Knicks forward Derrick Williams, left, and Jordan Clarkson of the Lakers collide during Sunday’s game at Staples Center/AP photo by Alex Gallardo
Lakers coach Byron Scott made no bones about it Monday at practice. If a player doesn’t give the effort he wants, he won’t be on the floor during winning time.
Scott wasn’t happy with the effort of young guns Jordan Clarkson, D’Angelo Russell and Julius Randle in Sunday’s 90-87 loss to the visiting New York Knicks at Staples Center. So they sat in the fourth quarter when the Lakers were trying, yet failing, to pull out a win.
Scott said he was pleased with the way his team practiced Monday, however, and he’s interested to see how that will play out Tuesday night when the Lakers (14-53) host the Sacramento Kings (25-40).
“It was pretty good today,” Scott said. “Obviously, we talked about the lack of energy and lack of effort in the first half of the game, and the difference from the first half and the second half. We showed a few clips of the second unit and how they played compared to the first unit, so today’s practice was pretty spirited.
“Guys got after each other pretty well and we’ll see if it translates into tomorrow.”
Jordan Clarkson dives for a ball during a Nov. 10 loss at Miami/Photo by Associated Press
Jordan Clarkson has missed the past two games with a sprained right ankle. He went through a full practice Monday and he expects to be back out there Tuesday when the Lakers (3-21) host the Milwaukee Bucks (10-15) at Staples Center.
It wasn’t easy for Clarkson to sit out two games. He admitted as much after practice.
“It’s definitely hard because you want to be out there, but you can’t go out there looking like a shot deer,” he said. “So trying to go out there and put a healthy product on the floor.”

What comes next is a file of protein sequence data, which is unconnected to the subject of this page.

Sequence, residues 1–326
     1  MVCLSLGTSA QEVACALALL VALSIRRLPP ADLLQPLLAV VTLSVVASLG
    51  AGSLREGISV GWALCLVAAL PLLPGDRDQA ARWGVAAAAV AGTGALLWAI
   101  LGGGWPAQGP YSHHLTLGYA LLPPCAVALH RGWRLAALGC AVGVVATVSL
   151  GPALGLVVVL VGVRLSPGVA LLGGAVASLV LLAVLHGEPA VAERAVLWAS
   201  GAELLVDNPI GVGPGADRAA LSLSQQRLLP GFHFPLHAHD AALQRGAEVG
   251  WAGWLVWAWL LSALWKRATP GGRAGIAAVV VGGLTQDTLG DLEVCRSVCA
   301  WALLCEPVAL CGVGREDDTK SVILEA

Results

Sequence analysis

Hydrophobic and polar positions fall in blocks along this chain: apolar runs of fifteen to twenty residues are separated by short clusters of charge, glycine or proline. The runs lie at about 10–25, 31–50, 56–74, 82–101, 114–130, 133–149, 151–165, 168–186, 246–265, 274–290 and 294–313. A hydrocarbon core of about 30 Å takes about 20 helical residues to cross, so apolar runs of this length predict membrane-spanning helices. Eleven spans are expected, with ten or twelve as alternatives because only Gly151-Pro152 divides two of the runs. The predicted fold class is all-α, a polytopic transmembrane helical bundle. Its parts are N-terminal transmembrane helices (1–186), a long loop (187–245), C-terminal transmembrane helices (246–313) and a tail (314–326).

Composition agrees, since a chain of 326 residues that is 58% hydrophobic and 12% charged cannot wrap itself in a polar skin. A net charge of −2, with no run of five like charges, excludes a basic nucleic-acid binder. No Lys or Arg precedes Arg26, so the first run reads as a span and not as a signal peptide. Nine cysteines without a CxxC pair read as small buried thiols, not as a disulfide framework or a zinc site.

Los Angeles Lakers head coach Byron Scott against Portland, during the second half at the Staples Center. Los Angeles Calif., Sunday, November,22, 2015. (Photo by Stephen Carr / Daily Breeze)
The Lakers rank 29th out of 30 NBA teams in offensive efficiency and 28th in defensive efficiency. Other than that, everything has gone well for the Lakers.
“We don’t have chemistry problems. Our guys get along,” Lakers coach Byron Scott said after practice Friday at the team’s facility in El Segundo. “We just don’t trust each other on the floor.”
Scott then mentioned how the team has several ball-dominant players, including Bryant, D’Angelo Russell, Jordan Clarkson, Julius Randle, Lou Williams and Nick Young.
“Guys sometimes want the ball in their hands and they don’t trust making passes to other guys. We have to get to the point where the ball doesn’t stick and we find open guys,” Scott said. “When you have young guys that are so used to having the ball, getting rid of it is sometimes an issue. That’s what we’re trying to break.” Continue reading “Lakers’ Byron Scott: “We don’t trust each other on the floor”” »
Within a two-day span, Nick Young’s expected return time shortened by about two weeks.
After his agent anticipated Young missing the next six to eight weeks because of a torn ligament in his right thumb that will require surgery, Lakers coach Byron Scott said on Sunday that he has been told his absence would likely last anywhere between four to six weeks.
The Lakers will not know definitively until Young has surgery with Dr. Steven Shin of the Kerlan-Jobe Orthopaedic Clinic on Monday.
Young spent Sunday’s practice working on dribbling drills with his left hand and challenging forward Xavier Henry to a foul shooting contest. That entailed Young (left) and Henry (right) shooting with their non-shooting hand. Henry has also stayed sidelined for the past week because of back spasms while also rehabbing his surgically repaired right knee.